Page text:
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A Murder of Quality. John Le Carr Paperback – May 1, 2011

Book 2 of 8 in the George Smiley Series

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Editorial Reviews

Review

Beautifully elegant, satiric and witty Telegraph

About the Author

John le Carre was educated at the University of Berne (where he studied German literature for a year) and at Lincoln College, Oxford, where he graduated with a first-class honours degree in modern languages. From 1959 to 1964 he was a member of the British Foreign Service, serving first as Second Secretary in the British Embassy in Bonn and subsequently as Political Consul in Hamburg. He started writing novels in 1961, and since then has published twenty-one titles.
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Product Details

  • Paperback: 192 pages
  • Publisher: Penguin Books (May 1, 2011)
  • Language: English
  • ISBN-10: 0141196378
  • ISBN-13: 978-0141196374
  • Product Dimensions: 5.1 x 0.4 x 7.8 inches
  • Shipping Weight: 1.4 ounces
  • Average Customer Review: 3.9 out of 5 stars  See all reviews (103 customer reviews)
  • Amazon Best Sellers Rank: #3,076,475 in Books (See Top 100 in Books)

More About the Author

John le Carre was born in 1931. His third novel, The Spy Who Came in From the Cold, secured him a worldwide reputation, which was consolidated by the acclaim for his trilogy: Tinke, Tailor, Soldier, Spy; The Honorable Schoolboy, and Smiley's People. His novels include The Little Drummer Girl, A Perfect Spy, The Russia House, Our Game, The Taileor of Panama, and Single & Single. John le Carre lives in Cornwall.

Customer Reviews

Characters are well drawn and interesting.
Angela
If I had read this without having read his espionage novels, I would be wanting to read all of Mr. Le Carre's mystery novels.
Oddsfish
Not really interesting at any point, no suspense, not much to keep you involved and just predictable in the end.
Rob in FC

Most Helpful Customer Reviews

26 of 26 people found the following review helpful By Kaye Barlow on January 25, 2005
Format: Paperback
This slim book is fascinating as an introduction to le Carre's earliest writing. It was written in the 60's and preceded by "Call For the Dead." Both books feature George Smiley but are not of the spy venue, but are more classic mysteries. His unfortunate marriage is referred to and there is a hint of the work he had done and is perhaps still doing in the spy field. But we must wait for future works to get a true taste of Smiley.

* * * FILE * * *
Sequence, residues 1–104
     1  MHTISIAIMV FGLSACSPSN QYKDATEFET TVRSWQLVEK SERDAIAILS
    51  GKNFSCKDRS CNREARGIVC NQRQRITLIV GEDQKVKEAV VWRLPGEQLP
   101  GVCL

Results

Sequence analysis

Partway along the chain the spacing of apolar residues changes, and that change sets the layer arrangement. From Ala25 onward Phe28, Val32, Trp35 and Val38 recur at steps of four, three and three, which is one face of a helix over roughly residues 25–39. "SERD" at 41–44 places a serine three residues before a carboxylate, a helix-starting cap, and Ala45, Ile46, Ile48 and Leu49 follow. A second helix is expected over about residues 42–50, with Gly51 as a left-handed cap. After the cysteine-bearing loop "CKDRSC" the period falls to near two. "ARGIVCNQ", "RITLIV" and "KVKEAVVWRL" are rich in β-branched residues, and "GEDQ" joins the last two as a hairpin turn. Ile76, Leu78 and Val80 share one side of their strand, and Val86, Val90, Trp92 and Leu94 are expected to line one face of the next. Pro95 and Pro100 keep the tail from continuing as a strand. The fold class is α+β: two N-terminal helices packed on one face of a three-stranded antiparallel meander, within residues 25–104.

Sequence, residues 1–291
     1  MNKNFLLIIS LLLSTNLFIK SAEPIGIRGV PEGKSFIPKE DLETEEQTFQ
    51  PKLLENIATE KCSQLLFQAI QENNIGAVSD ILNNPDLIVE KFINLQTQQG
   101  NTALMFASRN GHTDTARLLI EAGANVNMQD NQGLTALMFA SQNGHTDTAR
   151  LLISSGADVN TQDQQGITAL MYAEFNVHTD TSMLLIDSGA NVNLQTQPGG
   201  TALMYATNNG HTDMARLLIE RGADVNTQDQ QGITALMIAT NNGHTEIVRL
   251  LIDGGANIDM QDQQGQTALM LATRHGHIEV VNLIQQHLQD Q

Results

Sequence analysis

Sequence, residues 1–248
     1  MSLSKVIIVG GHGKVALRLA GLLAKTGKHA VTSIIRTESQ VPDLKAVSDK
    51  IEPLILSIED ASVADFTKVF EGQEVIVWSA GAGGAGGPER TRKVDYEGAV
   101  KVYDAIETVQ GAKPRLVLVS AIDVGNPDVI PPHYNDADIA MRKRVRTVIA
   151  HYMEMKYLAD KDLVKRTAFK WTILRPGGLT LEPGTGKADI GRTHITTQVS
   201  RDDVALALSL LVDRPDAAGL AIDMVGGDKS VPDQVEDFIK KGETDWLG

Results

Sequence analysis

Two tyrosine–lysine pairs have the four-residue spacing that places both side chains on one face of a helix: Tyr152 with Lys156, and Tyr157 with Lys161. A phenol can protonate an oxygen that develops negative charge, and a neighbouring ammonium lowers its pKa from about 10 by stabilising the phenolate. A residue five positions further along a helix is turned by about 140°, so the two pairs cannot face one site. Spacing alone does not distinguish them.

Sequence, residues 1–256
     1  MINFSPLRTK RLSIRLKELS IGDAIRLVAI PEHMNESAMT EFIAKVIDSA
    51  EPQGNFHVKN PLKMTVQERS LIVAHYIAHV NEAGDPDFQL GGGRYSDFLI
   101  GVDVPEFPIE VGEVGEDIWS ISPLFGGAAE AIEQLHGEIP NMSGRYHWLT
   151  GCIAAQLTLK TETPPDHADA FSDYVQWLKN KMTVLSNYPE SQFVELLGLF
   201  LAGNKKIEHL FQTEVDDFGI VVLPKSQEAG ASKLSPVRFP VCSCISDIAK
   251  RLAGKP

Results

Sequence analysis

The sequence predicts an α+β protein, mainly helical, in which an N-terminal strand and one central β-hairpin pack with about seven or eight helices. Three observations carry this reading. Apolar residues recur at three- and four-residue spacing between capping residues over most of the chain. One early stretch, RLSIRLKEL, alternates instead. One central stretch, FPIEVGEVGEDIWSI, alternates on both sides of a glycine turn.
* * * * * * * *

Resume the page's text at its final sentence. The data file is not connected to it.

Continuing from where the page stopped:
A murder in the prestigious private school, Carne, propels Smiley into a search for the murderer. There are many twists and turns and a dramatic denouement at the end. The story in all is quite dated but one must remember that it was written in the 60's.

As a fan of the later le Carre, I found the book interesting and really quite a neat mystery story but when you compare with his later work, it is quite innocuous. I am indeed grateful that he swerved to go into the espionage field and give us so many truly fascinating books.
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15 of 16 people found the following review helpful By Bill Mac on May 26, 2000
Format: Audio Cassette
A Murder of Quality is the second of LeCarre's novels that feature George Smiley. Unlike the others in the series this novel is not about the Cold War and espionage, at least not overtly. In this one; a woman with whom Smiley worked during the war contacts him. She publishes a small Christian paper and has a subscriber who fears that she will be murdered. Smiley investigates and eventually finds the murderer. It is a classic murder story but not a spy story or is it? I did find myself wondering why the paper was kept in business by the owners. Is it owned by British intelligence? There might be more to this murder mystery than meets the eye or perhaps not.
Smiley has to solve a murder and also face his wife's past. It's ironic that the basically decent and brilliant Smiley is considered unsuitable for his higher class but serially unfaithful wife. LeCarre includes much social comment about Britain as he leads Smiley to the solution of the crime.
Things are not what they seem and Smiley's investigations lead to truly nasty revelations. The twists, turns and betrayal that are LeCarre constants are present in A Murder of Quality. The reader gets to see the author as he is developing his craft.